I have a very cool coffee mug. It has an ancient Chinese symbol on it that represents the act of listening. A friend of mine, Bill, gave me the mug after his wife, Wimberly passed away. Wimberly had a talent for creating deep, meaningful relationships in her life through simply being an available and active listener. I want to learn from her example and listen well to the people in my life. I want to be bonded to them as brothers and sisters in Christ. I want them to care deeply about my life, so I must therefore be willing to care deeply about their lives.
Strange as it sounds, my cool mug helps me to do just that. I keep it in my office, and make sure to fill it with good tea or coffee before every meeting that I have. Looking at the symbol for listening is a constant reminder to me of 6 very specific things. The cool thing about the Chinese Symbol is that it is actually made up of 6 other characters that represent the following:
You are part of the process. You have to decide in every conversation to be present and to take responsibility for your attentiveness. Striving to hear clearly without opinion or judgment. Asking clarifying questions or repeating what you heard to ensure clarity and understanding.
This one is pretty self explanatory, but beyond the physical requirement of needing ears to hear, we can learn to listen for inflection, emotion, a cry for help, and more. Trust your ear to tell you if what is being said is superficial or if there are layers to the conversation that require your attention and concern.
It isn’t just what you hear but what you see. Scientists disagree on the exact percentage of communication that is nonverbal, but they all agree that it is a lot. Email and TxT does not convey emotion or sarcasm effectively. Use your eyes to expand your capacity to empathize with your friend so that they know that they have been heard.
- Undivided Attention
We all know how valuable an undivided listener is to us, and yet, we can find ourselves texting or scrolling Insta while we are in conversation with someone. Not only is it lowkey rude, dividing our attendion doesn’t help anyone. Compartmentalize your phone addiction today and make every conversation an event that you cannot miss.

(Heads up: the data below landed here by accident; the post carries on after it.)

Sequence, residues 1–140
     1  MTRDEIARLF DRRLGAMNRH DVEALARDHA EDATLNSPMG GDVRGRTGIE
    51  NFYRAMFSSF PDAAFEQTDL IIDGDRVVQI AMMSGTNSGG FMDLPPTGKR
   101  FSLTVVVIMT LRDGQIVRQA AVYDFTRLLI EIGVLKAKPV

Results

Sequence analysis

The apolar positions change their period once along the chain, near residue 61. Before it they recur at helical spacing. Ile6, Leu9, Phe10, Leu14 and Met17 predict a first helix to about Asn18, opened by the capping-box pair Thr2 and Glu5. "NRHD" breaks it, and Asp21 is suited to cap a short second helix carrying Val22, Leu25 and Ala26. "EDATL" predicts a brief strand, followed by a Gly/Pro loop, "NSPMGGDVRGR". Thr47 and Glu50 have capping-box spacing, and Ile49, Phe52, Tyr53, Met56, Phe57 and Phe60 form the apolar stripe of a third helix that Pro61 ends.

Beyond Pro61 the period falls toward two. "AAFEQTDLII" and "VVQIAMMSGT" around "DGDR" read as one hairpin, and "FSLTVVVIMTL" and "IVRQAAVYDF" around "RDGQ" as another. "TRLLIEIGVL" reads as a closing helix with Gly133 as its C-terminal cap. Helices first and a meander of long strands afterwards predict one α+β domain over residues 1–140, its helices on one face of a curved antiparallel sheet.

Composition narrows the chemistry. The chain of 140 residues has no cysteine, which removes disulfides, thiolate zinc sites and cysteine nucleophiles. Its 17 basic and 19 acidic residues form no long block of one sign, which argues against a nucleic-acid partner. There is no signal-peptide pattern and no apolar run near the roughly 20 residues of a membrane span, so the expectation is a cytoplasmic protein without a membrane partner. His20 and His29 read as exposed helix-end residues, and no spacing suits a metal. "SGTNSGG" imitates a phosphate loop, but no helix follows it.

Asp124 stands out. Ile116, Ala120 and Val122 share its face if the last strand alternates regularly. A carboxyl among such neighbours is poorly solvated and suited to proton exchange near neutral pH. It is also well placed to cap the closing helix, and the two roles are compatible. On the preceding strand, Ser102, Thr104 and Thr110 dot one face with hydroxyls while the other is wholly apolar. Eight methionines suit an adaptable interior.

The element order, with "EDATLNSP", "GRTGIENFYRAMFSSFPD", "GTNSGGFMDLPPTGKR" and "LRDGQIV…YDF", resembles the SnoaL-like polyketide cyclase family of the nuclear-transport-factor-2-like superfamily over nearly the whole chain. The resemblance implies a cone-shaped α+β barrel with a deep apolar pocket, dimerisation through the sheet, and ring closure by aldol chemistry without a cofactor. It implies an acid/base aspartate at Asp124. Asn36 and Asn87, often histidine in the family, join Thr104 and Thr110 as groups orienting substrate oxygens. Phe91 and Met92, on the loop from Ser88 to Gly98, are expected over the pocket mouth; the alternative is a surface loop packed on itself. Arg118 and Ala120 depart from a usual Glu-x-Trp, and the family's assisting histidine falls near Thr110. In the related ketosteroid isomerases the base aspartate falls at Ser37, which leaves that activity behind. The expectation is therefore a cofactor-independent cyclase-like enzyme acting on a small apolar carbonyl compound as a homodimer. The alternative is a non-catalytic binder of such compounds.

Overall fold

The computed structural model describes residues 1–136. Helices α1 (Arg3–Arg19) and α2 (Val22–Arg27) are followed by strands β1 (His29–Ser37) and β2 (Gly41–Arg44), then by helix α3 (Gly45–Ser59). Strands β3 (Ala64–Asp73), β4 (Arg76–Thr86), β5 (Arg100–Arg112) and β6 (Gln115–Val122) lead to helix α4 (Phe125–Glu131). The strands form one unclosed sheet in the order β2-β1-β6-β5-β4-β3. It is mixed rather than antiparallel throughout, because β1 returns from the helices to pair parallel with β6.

I love that the Ancient Chinese listed compassion as a requirement for a good listener. This is easier for some people than for others, but I would challenge you in a new way. The people in your church are not hurting 100% of the time. We know how to be compassionate to people who are hurting, but when was the last time that you celebrated someone’s win? I want to be among the first phonecalls that my friends make when they get a raise, complete a 5K, get a new job, or find out that they are pregnant. I want to be known as someone that is excellent at celebrating and cheering on my friends.
I’m not going to lie, this one is my favorite. I live in the United States, so the likelihood that I will ever stand in the presence of royalty is pretty slim. However, I have met famous people before, and though they couldn’t command their entourage with an “Off with his head!” I was still nervous. Needless to say, I was all ears when they spoke and gave advice. This tip alone encompasses all of the other elements of a good listener, and gives it all a sense of importance.
I hope that you found this list as helpful as I have, and that you are able to apply at least 3 or 4 of these characteristics to your conversations today. I know that I have made an effort to listen well over the past year, and it has been Miraclegrow [Not a sponsor… yet] to my friendships. Implement these tools and let them grow your friendships as well.